The estranged son of late hospitality tycoon John Hemmes has been awarded $1.75 million of his estate, despite the pair never meeting.
Graphic designer Edward Cameron, 27, was awarded the sum on Friday after a one-day hearing in the New South Wales Supreme Court.
Mr Cameron sued for a $4.1million portion of Mr Hemmes’ estate, claiming he was born to the business identity and Fiona Cameron – a woman with whom he allegedly had an affair with between 1983 and 1989.
Justice Geoffrey Lindsay made his decision after court heard details of how Mr Cameron never met his father before he died from cancer in March 2015, Sydney Morning Herald reported.
The estranged son of late hospitality tycoon John Hemmes, Edward Cameron (pictured), was awarded $1.75 million of his estate on Friday, despite the pair never meeting
Mr Cameron sued for a $4.1million portion of Mr Hemmes’ (right) estate, claiming he was born to the business identity and Fiona Cameron. Pictured: Bettina Hemmes, Justin Hemmes and John Hemmes
His mother’s relationship with Mr Hemmes ended once she became pregnant, and he only began paying child support to her in the mid 1990s after several court cases.
DNA tests at the time found that Mr Cameron was 99.6 per cent likely to be Mr Hemmes’ son.
But Mr Cameron said his father never acknowledged him or spoke to him and even took out an apprehended violence order when he tried to find him, NSW Supreme Court heard on Thursday.
‘John Hemmes had serious doubts as to the legitimacy of Edward Cameron being his biological son,’ a spokesperson from his family’s Merivale empire told the publication on Friday.
When Mr Hemmes – the owner of dozens of Sydney venues including Ivy and Coogee Pavilion – died of cancer aged 83, $5.7million was transferred from a Swiss bank account to his two legitimate children, Justin and Bettina, the court heard.
But Mr Hemmes also had a superannuation fund worth $4.1million, money from which he had used to pay child support to Ms Cameron.
In court on Thursday, Mr Cameron’s mother Fiona (pictured outside court) said she visited all of Mr Hemmes’ houses during their relationship and and even advised him on property deals. She took the magnate to court to win child support payments for her son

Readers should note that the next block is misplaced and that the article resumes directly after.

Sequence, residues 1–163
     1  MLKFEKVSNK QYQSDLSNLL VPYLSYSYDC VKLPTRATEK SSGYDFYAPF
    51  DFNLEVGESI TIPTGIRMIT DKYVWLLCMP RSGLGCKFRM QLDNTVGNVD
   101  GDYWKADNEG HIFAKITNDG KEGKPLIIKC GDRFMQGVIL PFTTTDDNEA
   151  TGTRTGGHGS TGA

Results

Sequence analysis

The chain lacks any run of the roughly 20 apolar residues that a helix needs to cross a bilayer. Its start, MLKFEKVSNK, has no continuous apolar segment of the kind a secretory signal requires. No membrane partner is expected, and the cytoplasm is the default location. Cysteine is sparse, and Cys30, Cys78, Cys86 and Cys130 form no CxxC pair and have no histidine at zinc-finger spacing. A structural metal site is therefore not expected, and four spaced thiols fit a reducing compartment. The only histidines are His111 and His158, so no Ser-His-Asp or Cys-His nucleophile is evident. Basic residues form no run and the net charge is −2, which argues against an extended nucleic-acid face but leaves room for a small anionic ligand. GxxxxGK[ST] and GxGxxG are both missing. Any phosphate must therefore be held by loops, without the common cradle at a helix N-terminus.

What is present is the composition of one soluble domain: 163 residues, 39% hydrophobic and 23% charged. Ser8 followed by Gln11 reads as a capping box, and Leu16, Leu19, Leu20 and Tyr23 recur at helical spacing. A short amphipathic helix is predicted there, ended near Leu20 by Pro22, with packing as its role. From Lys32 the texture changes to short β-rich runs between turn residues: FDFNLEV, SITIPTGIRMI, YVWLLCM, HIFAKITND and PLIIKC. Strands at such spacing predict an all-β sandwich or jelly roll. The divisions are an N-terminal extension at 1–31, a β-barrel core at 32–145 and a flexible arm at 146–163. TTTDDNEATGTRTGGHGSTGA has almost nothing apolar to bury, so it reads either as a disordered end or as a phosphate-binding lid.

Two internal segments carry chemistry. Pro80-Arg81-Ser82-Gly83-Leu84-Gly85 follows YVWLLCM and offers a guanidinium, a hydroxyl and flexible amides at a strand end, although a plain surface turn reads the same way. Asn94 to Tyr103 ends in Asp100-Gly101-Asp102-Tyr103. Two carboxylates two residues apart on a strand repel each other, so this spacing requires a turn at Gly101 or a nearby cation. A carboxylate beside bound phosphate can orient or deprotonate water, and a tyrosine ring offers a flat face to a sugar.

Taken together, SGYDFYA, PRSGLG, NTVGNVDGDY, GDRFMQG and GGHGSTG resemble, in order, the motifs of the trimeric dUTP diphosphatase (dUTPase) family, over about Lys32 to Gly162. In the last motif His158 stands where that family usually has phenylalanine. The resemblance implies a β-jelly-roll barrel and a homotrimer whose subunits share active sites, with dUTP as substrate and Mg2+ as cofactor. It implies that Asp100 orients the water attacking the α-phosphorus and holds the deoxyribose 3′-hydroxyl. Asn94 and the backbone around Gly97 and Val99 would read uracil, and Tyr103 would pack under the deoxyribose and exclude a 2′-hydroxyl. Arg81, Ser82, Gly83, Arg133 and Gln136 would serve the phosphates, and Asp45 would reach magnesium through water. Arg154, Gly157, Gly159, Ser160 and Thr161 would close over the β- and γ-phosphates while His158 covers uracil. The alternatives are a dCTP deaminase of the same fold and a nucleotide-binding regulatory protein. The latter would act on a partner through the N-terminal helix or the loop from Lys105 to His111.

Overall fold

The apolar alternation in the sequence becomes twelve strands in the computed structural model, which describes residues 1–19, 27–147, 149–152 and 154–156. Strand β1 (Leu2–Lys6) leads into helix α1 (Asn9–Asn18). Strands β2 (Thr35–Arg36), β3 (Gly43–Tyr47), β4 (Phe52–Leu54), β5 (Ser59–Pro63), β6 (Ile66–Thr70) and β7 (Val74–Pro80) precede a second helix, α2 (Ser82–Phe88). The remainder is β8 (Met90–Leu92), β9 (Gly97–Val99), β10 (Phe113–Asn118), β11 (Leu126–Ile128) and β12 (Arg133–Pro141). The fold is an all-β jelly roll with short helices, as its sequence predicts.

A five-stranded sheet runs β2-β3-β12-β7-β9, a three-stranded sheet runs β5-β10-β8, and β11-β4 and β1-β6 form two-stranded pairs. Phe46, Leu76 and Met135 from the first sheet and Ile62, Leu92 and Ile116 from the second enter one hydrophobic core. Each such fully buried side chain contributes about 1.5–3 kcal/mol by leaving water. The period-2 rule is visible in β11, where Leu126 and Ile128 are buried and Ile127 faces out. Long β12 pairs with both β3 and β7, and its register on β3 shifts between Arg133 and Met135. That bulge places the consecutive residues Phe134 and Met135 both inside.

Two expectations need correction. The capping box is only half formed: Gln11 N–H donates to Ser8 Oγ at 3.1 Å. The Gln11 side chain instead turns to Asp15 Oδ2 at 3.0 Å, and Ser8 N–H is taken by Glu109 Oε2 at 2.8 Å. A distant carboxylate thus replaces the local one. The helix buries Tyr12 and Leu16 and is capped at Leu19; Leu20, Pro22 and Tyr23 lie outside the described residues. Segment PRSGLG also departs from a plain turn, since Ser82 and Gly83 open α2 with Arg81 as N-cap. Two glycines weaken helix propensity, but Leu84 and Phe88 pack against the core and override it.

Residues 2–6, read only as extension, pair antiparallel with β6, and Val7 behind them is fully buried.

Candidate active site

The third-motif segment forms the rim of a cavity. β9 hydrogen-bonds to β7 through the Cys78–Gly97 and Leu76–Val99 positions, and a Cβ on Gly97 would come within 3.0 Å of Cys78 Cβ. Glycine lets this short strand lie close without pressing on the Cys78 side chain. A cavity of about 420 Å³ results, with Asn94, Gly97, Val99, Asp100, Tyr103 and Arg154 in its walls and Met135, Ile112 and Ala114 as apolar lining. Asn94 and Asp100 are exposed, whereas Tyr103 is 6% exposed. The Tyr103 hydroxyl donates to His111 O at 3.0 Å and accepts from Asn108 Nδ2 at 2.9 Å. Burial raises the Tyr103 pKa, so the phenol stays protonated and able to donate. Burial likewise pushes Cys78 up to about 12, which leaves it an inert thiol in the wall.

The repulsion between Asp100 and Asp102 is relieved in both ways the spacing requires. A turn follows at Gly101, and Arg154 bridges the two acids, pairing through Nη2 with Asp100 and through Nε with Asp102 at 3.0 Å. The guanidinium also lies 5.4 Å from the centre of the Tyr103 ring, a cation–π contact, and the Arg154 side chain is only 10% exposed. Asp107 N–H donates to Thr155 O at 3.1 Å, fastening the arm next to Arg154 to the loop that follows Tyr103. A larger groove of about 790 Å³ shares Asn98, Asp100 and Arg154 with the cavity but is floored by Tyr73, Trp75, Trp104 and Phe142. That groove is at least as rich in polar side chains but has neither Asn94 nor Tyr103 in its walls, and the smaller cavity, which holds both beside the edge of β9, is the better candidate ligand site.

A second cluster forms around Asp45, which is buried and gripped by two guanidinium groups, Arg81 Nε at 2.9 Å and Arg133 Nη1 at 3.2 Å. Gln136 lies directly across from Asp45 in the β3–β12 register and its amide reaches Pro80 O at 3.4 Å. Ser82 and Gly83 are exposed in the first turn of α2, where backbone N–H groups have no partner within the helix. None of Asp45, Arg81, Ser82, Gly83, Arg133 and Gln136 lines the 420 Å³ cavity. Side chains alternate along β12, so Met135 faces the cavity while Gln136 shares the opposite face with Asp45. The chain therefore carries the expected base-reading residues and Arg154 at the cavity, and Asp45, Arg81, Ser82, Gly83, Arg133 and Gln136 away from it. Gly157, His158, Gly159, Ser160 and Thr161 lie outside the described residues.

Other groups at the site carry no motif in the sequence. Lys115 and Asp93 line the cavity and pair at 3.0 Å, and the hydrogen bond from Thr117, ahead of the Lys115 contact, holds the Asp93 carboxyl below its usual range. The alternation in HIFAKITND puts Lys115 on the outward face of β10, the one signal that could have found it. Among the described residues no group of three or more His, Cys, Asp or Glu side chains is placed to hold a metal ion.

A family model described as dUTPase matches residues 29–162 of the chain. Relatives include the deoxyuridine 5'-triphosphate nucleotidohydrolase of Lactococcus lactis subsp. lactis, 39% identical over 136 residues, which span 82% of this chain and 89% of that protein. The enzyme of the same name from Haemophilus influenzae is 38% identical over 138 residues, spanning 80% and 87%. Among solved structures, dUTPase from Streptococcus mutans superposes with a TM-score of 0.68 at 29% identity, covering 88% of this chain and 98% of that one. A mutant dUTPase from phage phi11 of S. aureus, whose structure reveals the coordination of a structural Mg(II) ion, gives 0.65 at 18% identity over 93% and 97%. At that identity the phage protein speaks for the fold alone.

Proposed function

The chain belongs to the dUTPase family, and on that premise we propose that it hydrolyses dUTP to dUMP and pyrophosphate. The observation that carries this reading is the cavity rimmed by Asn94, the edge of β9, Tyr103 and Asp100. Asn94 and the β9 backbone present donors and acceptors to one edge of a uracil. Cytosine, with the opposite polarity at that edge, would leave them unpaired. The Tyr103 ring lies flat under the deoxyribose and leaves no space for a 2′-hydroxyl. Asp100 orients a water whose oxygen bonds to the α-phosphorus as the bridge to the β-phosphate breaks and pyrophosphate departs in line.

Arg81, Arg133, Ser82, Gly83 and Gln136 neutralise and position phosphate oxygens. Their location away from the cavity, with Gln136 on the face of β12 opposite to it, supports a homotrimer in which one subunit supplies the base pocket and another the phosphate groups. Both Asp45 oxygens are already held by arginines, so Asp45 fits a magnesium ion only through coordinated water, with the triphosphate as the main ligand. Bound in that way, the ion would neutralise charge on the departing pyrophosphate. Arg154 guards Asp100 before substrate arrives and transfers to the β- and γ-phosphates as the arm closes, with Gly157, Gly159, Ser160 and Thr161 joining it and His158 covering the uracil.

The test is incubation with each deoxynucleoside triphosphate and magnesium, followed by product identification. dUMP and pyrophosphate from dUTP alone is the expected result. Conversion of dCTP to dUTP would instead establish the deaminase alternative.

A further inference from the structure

The tycoon (right) left his son and heir Justin (left) in charge of his empire named after his wife Merivale
Mr Cameron, who went to high school on the Gold Coast before moving to Germany for a while, demanded the $4.1million went to him instead of Mr Hemmes’ widow Merivale.
His lawyer, Lindsay Ellison SC, said in court on Thursday that it was a reasonable amount to ask to set him up in life, reported the Sydney Morning Herald.
The executor’s barrister Noel Hutley SC admitted that Mr Cameron was ‘irrefutably presumed to be the son of Mr Hemmes’ but said that any money awarded should be less than $1million.
He urged the judge to avoid granting what he called Mr Cameron’s ‘wish list’ of money to buy a car and home.
Mr Cameron said his father (right) never acknowledged him or spoke to him and even took out an apprehended violence order when he tried to find him. Pictured: Amber L’Estrange, Justin Hemmes, Merivale Hemmes and John Hemmes (left to right)
Ms Cameron said she visited all of Mr Hemmes’ houses including this home called The Hermitage
In court on Thursday, Ms Cameron said she visited all of Mr Hemmes’ houses during their relationship and even advised him on property deals.
She also claimed that even when she became pregnant, the magnate would still call her and ask her out.
The court also heard that Mr Cameron sent his father pictures of himself from Germany and tried to get in touch – but was told by his father’s manager Kerrie Boylett that he would have to undergo more DNA testing if he wanted to see him.
Mr Cameron allegedly decided not to go through with the tests but later tried to find his father’s home, only to turn up at the wrong address.
John Hemmes died in 2015 after a long battle with multiple myeloma, a rare cancer of the blood cells. Pictured: The Newport Arms, part of his empire
Originally a fashion house, Merivale has grown into a portfolio of more than 50 restaurants, bars, pubs and hotels in Sydney including the Coogee Pavilion (pictured)
Justin Hemmes is now CEO of his late father’s Merivale empire which consists of some of the most popular venues in Sydney. He is pictured with his model girlfriend Kate Fowler
This prompted Ms Boylett to threaten an apprehended violence order if he tried again, the court heard.
Justice Lindsay said the case was ‘tragic’ and had caused Mr Cameron much ‘anxiety.’
He declined to comment when contacted by Daily Mail Australia. Mr Hutley has not responded to a request for comment.
From dutch immigrant to hospitality tycoon: The life of John Hemmes
John Hemmes was born in the Dutch East Indies in 1931.
He left the Netherlands following World War II with $20 in his pocket and started a new life in New Zealand.
He then moved to Australia where he met his wife Merivale and built a fashion brand in her name.
The History Council of NSW said of his brand: ‘The House of Merivale was not just a shop; it was a phenomenon that significantly influenced a generation of young Australians’ attitude to shopping and the fashion experience.’
Hemmes then started buying up venues around Sydney and turning them into some of the most famous bars and clubs in the city today.
He died in 2015 aged 83 after a long battle with multiple myeloma, a rare cancer of the blood cells.
He left his son and heir Justin in charge of his empire named after his wife Merivale.
Merivale has grown into a portfolio of more than 50 restaurants, bars, pubs and hotels in Sydney.